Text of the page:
The ADA does not require affirmative action or preferential
treatment of individuals with disabilities.  Public
accommodations, however, are required in certain cases to make
reasonable modifications to their policies, practices, or
procedures when modifications are necessary to afford goods,
services, facilities, privileges or advantages to individuals
with disabilities.  See section 36.302 of the title III
regulation at page 35596-97, and preamble at 35564-65.  In light
of this requirement, an amusement park may be required to modify
its policies to allow an individual with a disability to be
admitted to an attraction without waiting in line, if delay would
prevent the individual from participating in the service because
of the nature of the disability.  

Ultimately, I think this will wind up with the DOJ and in the courts.  I have corresponded with them about this issue a couple of times and know that Disneyland and Walt Disney World are being looked at as many families are sharing their experiences with discrimination at these parks.  If the above interpretation is applied, Disney and other theme parks will get way more than they bargained for in the extent to which they must provide accommodation.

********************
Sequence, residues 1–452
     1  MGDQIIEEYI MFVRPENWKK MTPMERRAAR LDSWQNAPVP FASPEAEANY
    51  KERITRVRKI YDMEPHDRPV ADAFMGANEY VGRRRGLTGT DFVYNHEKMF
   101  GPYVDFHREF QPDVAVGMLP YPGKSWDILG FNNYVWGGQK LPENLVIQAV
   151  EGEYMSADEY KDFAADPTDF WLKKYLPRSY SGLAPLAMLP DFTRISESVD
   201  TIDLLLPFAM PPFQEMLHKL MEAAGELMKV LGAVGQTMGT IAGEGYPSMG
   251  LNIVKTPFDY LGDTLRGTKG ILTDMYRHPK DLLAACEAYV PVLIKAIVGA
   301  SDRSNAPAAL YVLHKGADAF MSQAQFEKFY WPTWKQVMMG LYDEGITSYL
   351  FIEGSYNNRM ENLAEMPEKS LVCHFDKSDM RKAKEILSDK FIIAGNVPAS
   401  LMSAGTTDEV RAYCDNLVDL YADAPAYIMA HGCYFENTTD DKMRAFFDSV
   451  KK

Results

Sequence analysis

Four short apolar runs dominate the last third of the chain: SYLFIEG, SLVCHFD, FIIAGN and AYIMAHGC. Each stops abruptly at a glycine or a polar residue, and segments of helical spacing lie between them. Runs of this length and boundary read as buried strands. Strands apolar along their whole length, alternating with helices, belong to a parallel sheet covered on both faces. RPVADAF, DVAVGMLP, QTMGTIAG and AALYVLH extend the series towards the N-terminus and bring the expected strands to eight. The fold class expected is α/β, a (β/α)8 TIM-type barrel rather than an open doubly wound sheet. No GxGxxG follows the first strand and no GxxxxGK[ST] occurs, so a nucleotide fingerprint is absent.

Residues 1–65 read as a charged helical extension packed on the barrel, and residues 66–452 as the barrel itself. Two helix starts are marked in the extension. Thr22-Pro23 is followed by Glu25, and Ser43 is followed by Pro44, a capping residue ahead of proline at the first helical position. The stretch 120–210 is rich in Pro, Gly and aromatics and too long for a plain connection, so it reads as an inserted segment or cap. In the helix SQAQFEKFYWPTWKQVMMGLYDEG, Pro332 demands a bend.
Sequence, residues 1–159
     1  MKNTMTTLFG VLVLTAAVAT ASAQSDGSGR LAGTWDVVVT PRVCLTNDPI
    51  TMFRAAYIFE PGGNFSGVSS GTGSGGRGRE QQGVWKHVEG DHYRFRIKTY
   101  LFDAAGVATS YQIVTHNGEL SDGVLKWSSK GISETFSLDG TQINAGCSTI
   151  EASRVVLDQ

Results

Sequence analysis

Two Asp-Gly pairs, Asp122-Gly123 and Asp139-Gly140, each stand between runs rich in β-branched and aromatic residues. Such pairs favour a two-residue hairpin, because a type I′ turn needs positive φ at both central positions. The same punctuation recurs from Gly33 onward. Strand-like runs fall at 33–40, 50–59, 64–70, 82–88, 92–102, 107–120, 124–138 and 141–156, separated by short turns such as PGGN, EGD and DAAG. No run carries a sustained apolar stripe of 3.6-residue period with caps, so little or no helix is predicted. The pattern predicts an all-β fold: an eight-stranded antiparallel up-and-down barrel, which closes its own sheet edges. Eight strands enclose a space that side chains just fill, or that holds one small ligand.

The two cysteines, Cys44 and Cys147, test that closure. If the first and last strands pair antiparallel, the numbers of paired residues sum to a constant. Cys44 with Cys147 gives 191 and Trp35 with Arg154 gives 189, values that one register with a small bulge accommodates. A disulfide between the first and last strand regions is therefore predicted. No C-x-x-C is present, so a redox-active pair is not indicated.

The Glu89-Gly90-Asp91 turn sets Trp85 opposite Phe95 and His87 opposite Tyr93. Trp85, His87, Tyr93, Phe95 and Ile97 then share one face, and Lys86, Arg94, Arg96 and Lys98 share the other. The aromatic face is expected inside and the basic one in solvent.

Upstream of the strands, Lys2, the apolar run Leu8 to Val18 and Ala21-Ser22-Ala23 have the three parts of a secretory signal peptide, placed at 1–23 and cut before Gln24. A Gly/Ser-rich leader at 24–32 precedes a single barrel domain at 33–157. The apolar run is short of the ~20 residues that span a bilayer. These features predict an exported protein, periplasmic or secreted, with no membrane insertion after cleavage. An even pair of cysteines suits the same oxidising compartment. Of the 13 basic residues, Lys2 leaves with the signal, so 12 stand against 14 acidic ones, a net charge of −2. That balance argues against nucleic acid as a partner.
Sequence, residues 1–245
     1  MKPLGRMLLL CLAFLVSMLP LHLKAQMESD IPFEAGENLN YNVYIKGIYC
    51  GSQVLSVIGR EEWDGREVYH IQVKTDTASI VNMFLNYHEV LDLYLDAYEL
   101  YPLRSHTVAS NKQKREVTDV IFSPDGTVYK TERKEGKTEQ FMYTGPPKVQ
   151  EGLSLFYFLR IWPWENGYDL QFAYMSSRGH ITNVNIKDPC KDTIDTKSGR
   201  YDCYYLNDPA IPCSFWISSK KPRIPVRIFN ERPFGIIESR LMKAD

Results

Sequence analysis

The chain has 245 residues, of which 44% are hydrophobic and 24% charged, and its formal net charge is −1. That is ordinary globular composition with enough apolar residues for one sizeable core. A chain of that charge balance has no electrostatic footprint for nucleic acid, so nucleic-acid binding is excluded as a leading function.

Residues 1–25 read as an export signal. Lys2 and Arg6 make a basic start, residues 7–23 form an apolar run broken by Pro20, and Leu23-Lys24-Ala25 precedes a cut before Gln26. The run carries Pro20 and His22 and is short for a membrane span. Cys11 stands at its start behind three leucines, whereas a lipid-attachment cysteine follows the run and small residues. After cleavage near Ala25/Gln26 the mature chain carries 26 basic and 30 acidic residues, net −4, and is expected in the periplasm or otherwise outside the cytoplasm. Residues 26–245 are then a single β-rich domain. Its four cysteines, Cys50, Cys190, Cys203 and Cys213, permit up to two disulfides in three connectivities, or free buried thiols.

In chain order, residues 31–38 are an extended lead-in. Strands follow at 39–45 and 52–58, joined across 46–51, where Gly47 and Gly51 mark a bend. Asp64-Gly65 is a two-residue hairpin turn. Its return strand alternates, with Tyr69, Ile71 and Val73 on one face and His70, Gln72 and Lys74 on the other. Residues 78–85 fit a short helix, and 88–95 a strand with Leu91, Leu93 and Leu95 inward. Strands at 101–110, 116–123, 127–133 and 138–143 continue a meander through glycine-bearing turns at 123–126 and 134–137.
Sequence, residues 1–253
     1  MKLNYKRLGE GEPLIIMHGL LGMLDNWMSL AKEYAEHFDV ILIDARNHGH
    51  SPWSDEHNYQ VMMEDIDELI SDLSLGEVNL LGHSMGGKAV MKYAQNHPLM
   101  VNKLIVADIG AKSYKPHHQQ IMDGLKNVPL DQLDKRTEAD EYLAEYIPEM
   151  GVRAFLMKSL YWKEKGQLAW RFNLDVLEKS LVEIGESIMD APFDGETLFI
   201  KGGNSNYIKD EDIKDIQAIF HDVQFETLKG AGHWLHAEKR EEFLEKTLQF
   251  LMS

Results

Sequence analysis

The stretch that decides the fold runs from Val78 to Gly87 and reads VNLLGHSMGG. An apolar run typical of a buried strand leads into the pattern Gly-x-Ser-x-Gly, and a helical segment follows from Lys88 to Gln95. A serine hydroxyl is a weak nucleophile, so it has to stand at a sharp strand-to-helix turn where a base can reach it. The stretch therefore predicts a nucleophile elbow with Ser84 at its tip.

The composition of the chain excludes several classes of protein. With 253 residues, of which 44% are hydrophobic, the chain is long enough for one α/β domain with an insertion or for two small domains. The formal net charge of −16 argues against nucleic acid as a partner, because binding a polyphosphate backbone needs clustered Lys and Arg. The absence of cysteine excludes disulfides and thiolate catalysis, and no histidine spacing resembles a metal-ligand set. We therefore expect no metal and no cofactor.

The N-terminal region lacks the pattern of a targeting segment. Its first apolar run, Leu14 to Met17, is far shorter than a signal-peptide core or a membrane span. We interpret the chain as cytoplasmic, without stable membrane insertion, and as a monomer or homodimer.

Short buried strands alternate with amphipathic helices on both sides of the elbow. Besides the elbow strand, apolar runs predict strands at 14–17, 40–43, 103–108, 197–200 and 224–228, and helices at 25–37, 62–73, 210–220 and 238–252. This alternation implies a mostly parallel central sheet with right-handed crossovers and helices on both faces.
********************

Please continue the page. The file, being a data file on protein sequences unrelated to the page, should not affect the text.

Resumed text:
My hope is that a balance between the needs of those with disabilities and those without can be balanced fairly and reasonably, in line with existing federal law.  But I don't think Disney is willing to do it without legal intervention.  The fact that people are being harassed by Disney employees, treated with a level of contempt reserved for criminals, is just making the situation worse for all involved.  I am also certain, in fairness, cast members are encountering hostile parents and caregivers.  Minimum wage park employees and "cast members" should be not be put in the position of interpreting the law or defining the accommodations needed without any sort of medical or therapeutic background.  

An easy fix to this is clarification of HIPAA - allowing parents and the disabled who wish to disclose medical records and physician correspondence in support of accommodation.  Currently, this is not only not required, but Disney staff won't even look at it if you bring one.  I bring a diagnostic letter and specific letter request and delineating needed accommodation every time and they refused to look, saying "it's against the law."  This reflects a severe lack of understanding of the law and illustrates that there will be no easy fix to this whole debacle and the disabled will be paying the price for the time being.

Edit:  By the way, I will gladly approve comments, even those negative, as long as they don't resort to name calling...  And are given with a name or handle.